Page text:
Arup has been selected by the municipality of Amsterdam to develop HAUT, the highest wooden residential building in the world to date, counting 21 floors.
Announcing the project win today, Arup said it would work in partnership with Lingotto, Nicole Maarsen, TEAM V Architecture and Nederlandse Energie Maatschappij.
The 73-metre-high residential tower located in the Amstelkwartier will include 55 apartments and an underground car park.
Artist’s render of HAUT, set to be the highest wooden residential building in the world (Arup)
It will have a total gross floor area of approximately 14,500 sq m and is intended to receive the BREEAM Outstanding label, the highest possible sustainability score.
"Building in wood is one of the most talked about innovations in sustainable construction internationally, due to the large storage capacity of CO2," Arup said. "Using wood provides an answer to the Municipality of Amsterdam’s quest for CO2 neutrality."
Arup said HAUT’s wood can store over three million kilograms of CO2. Photovoltaic panels will help the building produce renewable energy, while waste water will be purified through a constructed wetland on the roof.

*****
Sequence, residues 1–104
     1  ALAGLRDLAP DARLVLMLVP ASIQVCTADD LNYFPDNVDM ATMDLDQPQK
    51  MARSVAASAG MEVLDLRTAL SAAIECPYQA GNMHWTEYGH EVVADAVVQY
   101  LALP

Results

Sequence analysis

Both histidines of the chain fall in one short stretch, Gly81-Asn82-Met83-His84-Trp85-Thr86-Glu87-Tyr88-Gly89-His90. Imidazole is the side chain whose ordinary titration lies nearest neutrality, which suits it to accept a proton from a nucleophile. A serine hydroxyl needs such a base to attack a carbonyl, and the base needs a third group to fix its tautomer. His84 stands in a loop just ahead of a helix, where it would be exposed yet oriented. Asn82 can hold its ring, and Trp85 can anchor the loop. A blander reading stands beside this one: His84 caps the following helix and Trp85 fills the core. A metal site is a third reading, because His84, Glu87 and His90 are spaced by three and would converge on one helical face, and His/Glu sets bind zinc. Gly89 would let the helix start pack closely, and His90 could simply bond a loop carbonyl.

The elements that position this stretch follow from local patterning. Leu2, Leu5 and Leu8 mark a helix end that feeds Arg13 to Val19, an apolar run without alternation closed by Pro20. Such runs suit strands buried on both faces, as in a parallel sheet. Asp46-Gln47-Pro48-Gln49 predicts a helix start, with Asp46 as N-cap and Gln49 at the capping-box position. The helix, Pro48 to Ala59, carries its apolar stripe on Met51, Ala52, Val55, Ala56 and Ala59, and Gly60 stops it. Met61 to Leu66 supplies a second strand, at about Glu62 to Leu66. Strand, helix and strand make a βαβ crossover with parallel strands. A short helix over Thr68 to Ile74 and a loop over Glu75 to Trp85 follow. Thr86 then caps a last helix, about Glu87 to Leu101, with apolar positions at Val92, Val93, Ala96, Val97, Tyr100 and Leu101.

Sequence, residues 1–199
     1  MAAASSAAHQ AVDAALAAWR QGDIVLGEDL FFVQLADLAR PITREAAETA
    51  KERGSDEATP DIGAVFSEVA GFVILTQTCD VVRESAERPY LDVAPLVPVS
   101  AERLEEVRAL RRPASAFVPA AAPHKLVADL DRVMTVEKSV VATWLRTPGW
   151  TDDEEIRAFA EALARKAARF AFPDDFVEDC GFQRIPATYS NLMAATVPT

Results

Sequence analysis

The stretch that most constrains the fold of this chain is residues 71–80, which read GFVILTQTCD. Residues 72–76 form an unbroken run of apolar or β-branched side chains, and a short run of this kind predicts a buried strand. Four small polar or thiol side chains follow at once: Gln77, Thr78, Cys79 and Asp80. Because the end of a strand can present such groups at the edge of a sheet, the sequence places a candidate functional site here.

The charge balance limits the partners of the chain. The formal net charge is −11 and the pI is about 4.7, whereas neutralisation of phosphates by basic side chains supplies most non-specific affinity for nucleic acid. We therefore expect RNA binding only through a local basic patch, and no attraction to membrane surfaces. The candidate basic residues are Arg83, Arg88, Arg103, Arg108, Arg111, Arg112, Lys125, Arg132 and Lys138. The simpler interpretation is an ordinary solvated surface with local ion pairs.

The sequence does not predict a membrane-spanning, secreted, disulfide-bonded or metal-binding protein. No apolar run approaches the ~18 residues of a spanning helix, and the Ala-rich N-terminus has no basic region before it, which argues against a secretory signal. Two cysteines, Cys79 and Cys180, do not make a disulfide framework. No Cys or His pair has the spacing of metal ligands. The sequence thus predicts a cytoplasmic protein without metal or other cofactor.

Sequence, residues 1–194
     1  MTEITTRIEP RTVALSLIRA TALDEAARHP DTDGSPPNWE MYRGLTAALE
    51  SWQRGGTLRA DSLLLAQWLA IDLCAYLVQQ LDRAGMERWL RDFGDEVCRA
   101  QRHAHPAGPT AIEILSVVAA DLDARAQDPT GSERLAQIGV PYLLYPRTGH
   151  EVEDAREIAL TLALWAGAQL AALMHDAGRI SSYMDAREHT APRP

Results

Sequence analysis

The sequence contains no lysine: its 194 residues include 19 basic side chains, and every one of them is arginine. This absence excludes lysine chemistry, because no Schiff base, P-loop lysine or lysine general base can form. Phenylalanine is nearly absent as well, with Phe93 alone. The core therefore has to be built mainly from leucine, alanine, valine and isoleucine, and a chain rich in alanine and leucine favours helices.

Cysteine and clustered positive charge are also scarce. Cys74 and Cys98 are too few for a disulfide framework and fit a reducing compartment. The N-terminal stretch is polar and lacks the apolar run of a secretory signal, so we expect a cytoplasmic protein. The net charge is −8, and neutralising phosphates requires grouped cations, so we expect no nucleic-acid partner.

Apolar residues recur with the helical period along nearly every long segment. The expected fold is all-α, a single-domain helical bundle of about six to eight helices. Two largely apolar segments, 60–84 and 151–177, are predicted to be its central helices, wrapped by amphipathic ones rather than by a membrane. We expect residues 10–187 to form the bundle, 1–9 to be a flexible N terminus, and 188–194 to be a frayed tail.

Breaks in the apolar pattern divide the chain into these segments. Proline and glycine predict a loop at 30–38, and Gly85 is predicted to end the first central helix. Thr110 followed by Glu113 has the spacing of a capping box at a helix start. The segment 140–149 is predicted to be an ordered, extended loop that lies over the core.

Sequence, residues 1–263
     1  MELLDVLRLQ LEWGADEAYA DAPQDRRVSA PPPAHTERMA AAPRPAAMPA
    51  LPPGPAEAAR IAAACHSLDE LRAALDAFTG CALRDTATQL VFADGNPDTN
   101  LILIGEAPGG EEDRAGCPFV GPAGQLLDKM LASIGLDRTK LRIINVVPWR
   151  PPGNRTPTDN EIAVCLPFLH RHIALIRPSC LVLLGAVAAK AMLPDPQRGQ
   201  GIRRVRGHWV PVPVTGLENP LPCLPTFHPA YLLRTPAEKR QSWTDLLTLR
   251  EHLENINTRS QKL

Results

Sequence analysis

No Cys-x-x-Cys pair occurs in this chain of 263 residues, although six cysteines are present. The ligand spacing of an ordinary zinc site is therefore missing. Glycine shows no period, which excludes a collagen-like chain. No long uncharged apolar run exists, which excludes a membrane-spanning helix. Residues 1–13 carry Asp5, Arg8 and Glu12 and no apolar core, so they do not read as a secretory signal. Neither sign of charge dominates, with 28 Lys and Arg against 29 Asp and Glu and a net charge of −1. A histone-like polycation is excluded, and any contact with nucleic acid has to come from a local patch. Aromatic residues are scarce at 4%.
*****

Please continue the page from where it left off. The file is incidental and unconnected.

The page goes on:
The design will offer the first buyers "unlimited freedom of choice in dwelling size, number of floors and the location of rooms, outdoor spaces and voids", Arup said.
It added: "Within a strong and simple faÃ§ade design, with white-gray floor tapes and high windows, the balconies seem to have randomly been slid in and out. The wooden ceilings of balconies and large overhangs on the sharp corner at the Spaklerweg make HAUT’s architecture expressive and iconic."
Arup is providing multi-disciplinary engineering services, including building services engineering, fire, acoustics and building physics consulting.
Amstelkwartier, the new district on the Amstel encompassses about 4,000 homes, shops and businesses.
At this point approximately 1,000 homes have been completed and the first school has been opened.
It is very heartening to ,at last, see so many advanced technologies being utilised to the full in the design and construction of this the tallest ever timber structure now in progress! All credit to all involved and may they go from strength to strength in such pioneering work!
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